Total settled snow depth
: 5” as of January 5, 2014
Skiing Conditions and Weather: Different year, same dry Sierra. Calendar year 2013 was the driest year in the history of weather record keeping in Yosemite National Park. That being said, there is still enough snow in the greater tuolumne area for skiing. What we lack in snow depth is more than made up for by the wilderness experience that one can have by visiting this part of Yosemite in winter time. The unique opportunity of experiencing an automobile free tuolumne meadows in winter is not to be underestimated. The solitude and freedom that one feels here in the winter without cars is exceptional. Many park visitors took advantage of the ski conditions to experience this wild tuolumne over the holidays. A bicycle is still a good idea if approaching from the east as the road in Lee Vining Canyon is mostly dry. Once you hit the park boundary at Tioga Pass the road is 99% snow covered to tuolumne meadows and beyond. The cross country ski conditions are good, though there have been enough melt freeze cycles now to produce icy conditions in the early and later parts of the day. North facing slopes still have over a foot of snow coverage, while the south facing slopes are bare.
Avalanche and Snowpack Conditions: For the latest avalanche advisory for this area go to www.esavalanche.org for the Eastern Sierra Avalanche Center and click on advisory. The ESAC site is updated several times a week and more often during weather events. The avalanche hazard in the tuolumne area is low.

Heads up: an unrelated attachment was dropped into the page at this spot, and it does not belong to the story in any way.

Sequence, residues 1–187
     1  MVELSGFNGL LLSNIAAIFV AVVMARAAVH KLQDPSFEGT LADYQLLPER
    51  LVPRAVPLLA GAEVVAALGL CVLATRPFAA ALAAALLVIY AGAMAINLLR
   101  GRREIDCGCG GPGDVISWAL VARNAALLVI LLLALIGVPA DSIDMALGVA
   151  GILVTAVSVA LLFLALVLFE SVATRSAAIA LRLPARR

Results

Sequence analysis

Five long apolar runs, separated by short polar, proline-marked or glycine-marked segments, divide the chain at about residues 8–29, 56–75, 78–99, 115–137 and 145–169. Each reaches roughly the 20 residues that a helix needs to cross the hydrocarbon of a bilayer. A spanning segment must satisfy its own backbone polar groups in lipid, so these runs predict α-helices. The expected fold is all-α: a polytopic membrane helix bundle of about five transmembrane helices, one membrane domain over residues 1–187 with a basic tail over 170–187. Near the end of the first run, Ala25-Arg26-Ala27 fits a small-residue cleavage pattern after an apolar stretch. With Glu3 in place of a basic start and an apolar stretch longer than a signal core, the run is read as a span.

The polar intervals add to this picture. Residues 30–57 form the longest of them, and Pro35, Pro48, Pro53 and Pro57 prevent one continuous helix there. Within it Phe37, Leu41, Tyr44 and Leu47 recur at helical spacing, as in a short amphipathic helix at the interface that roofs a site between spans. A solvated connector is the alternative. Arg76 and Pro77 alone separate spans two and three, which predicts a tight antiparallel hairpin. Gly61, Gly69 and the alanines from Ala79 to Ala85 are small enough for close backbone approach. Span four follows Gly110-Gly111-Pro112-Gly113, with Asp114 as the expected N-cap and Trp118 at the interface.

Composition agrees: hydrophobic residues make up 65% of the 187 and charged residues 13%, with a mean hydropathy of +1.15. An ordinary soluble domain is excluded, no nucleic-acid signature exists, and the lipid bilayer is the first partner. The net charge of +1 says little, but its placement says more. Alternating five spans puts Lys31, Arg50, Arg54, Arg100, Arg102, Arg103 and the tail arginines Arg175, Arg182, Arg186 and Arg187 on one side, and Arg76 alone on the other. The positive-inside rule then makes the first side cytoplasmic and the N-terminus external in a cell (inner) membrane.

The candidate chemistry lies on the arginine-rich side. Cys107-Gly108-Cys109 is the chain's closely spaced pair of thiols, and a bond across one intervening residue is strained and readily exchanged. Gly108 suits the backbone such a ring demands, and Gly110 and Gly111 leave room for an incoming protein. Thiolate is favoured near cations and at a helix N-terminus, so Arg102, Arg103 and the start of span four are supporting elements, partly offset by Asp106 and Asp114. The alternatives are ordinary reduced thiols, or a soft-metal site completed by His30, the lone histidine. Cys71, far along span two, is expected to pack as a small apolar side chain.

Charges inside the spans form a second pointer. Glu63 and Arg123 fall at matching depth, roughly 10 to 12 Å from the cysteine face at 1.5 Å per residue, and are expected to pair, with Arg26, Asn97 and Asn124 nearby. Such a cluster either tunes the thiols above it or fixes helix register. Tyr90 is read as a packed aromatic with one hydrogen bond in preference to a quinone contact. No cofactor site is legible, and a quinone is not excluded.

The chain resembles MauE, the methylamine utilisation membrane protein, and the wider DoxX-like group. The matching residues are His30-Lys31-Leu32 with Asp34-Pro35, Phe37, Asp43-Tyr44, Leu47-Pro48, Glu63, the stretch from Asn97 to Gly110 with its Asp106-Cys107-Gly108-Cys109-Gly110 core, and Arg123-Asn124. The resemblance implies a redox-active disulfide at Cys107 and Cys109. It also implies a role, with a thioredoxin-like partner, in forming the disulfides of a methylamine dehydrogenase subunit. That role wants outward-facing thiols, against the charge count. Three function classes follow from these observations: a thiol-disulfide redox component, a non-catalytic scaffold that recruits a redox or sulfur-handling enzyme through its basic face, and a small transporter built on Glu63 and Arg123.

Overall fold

Wildlife: We came upon an interesting scene near Dog Lake last week. First we observed mountain lion tracks, unmistakable in the snow. The tracks led to a porcupine carcass. All that was left were quills and hide, and a few organs that the feline apparently buried beneath the snow for later. Pretty cool stuff. We also observed a bald eagle over the Lyell Fork, and a pine marten cruising the housing area. Pine siskins, and red crossbills have been enjoying the morning warmth on the south slopes of Lembert Dome, and a northern pygmy owl has been heard on many nights from our residence.
Questions: The Tuolumne Meadows Ski Hut is open. There is an ample supply of firewood and 10 bunks that are available on a first come, first served basis. You can call the Tuolumne Meadows Ranger Station at 209/372-8734. If you leave a message we will get back to you the first chance we get. Power and phones are frequently out of service. Contact the wilderness office at 209/372-0740 with any questions or concerns if you are unable to reach the ranger station. Come prepared; don't count on electricity or phone service at the ski hut.
Tuolumne Meadows from Lembert Dome on January 4, 2014
Happy Trails! Laura and Rob Pilewski Tuolumne Meadows Winter Volunteers